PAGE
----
Catalans take to streets on anniversary of divisive vote
Spanish region’s president Quim Torra criticised for praising separatist ‘pressure’
A student draped in the Spanish national flag stands between Catalan pro-independence students during a student demonstration “1-O, No Oblivion, neither Pardon” on the first anniversary of the Catalan independence referendum, in Barcelona. Photograph: Quique Garcia
Pro-independence Catalans marked the first anniversary on Monday of the controversial referendum that unleashed Spain’s deepest political crisis of recent decades, with many taking to the streets of towns and cities across the region while others blocked roads and rail lines.
On October 1st last year, some two million Catalans turned out to vote on whether to separate from Spain, defying the constitutional court which had deemed the referendum illegal. Police violence against voters marred the day and deepened the rift between Madrid and the northeastern region.
A series of events were organised across Catalonia to mark the anniversary. Catalan president Quim Torra convened his government in Sant Julià de Ramis, chosen because it was where his now exiled predecessor, Carles Puigdemont, was unable to vote last year due to police action.
In a statement, Mr Torra said that last year, “the Spanish state repressed a right as basic as that of self-determination and also that of freedom of speech”. He called on pro-independence Catalans to “reclaim the spirit” of that ballot.
University students in Barcelona marked the day with a strike and demonstration in the city’s centre, while a large march, organised by pro-independence rank-and-file organisations, was held in Barcelona in the evening, along with others in Lleida, Tarragona and Girona.
Early in the morning, activist groups known as Committees for the Defence of the Republic (CDRs) blockaded several roads, including the AP7 motorway outside Barcelona, and blocked the high-speed rail link between the Catalan capital and Girona. By midday roads and rail lines were clear.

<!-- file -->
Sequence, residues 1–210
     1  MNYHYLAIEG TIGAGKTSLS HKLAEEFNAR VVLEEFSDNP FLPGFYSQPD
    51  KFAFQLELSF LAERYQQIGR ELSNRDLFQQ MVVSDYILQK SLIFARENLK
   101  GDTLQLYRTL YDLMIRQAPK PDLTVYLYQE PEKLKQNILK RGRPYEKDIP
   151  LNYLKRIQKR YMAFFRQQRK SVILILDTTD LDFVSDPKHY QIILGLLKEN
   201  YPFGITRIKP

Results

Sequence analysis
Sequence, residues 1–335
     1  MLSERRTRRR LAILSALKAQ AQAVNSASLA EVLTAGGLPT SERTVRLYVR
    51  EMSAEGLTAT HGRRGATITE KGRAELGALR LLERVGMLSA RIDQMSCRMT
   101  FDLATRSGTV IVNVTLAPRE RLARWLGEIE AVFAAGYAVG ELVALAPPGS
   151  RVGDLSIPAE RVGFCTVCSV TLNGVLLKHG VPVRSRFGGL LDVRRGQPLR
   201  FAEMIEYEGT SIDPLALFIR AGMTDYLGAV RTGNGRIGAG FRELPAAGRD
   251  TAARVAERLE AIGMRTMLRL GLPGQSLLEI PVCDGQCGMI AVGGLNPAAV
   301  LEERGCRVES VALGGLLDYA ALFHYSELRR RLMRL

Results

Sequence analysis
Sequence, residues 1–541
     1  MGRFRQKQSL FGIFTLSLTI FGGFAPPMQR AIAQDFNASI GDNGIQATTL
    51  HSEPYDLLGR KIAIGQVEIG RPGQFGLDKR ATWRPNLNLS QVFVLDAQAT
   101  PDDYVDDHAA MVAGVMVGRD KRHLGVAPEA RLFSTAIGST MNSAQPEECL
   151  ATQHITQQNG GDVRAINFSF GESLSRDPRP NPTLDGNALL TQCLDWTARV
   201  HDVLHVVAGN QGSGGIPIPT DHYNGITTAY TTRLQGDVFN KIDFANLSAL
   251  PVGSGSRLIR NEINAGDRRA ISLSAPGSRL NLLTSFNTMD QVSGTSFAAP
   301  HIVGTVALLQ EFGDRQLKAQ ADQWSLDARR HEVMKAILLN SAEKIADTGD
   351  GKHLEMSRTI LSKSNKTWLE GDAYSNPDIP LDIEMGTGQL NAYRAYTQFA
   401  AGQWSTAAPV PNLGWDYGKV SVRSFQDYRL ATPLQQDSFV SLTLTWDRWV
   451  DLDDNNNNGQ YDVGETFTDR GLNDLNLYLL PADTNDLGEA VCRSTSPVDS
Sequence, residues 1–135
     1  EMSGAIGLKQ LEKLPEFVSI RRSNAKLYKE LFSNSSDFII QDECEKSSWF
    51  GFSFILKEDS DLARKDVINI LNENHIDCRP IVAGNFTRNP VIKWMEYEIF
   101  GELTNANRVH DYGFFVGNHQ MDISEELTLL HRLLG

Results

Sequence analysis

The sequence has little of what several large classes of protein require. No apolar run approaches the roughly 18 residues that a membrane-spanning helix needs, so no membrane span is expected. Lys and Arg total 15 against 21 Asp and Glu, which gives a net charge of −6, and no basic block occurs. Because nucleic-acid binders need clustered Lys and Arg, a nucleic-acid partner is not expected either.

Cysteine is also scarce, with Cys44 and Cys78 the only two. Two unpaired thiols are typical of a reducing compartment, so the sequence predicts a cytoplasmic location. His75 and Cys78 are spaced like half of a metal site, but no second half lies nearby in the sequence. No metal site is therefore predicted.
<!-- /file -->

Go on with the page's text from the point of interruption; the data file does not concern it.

Activists also broke a police cordon at the Spanish government’s headquarters in Girona, removed the Spanish flag hanging from the building and replaced it with a pro-independence one.
Although Mr Puigdemont, who is living in Belgium, appeared to reprimand the CDRs in a video message, Mr Torra approved. “Friends in the CDR, you pressure and you’re right to pressure,” he said.
The leader of the opposition Popular Party (PP), Pablo Casado, said the Catalan president “has crossed another red line by saying that they have to keep pressuring, committing crimes”. He called for a new law to clamp down on separatist parties and for the Socialist prime minister, Pedro Sánchez, to take a tougher line against them.
Albert Rivera, the leader of fellow unionist party Ciudadanos, tweeted: “Mr Sánchez, how much longer will you allow the violation of human rights and the humiliation of all Spaniards without applying [direct rule]?”
The Spanish government played down the significance of Mr Torra’s speech. “We are more interested in actions,” said public works minister José Luis Ábalos, who said he did not believe the Catalan leader’s words were an incitement to violence.
However, there were signs of disunity within the secessionist movement. Some demonstrators chanted calls for Mr Torra’s resignation, apparently in response to his government’s handling of the police on Saturday. During a march by a group of Spanish national police demanding better pay, the Catalan regional force baton-charged pro-independence demonstrators who were staging a counter-march nearby. During last year’s referendum, many pro-independence Catalans hailed their regional police as heroes for allowing the vote to take place.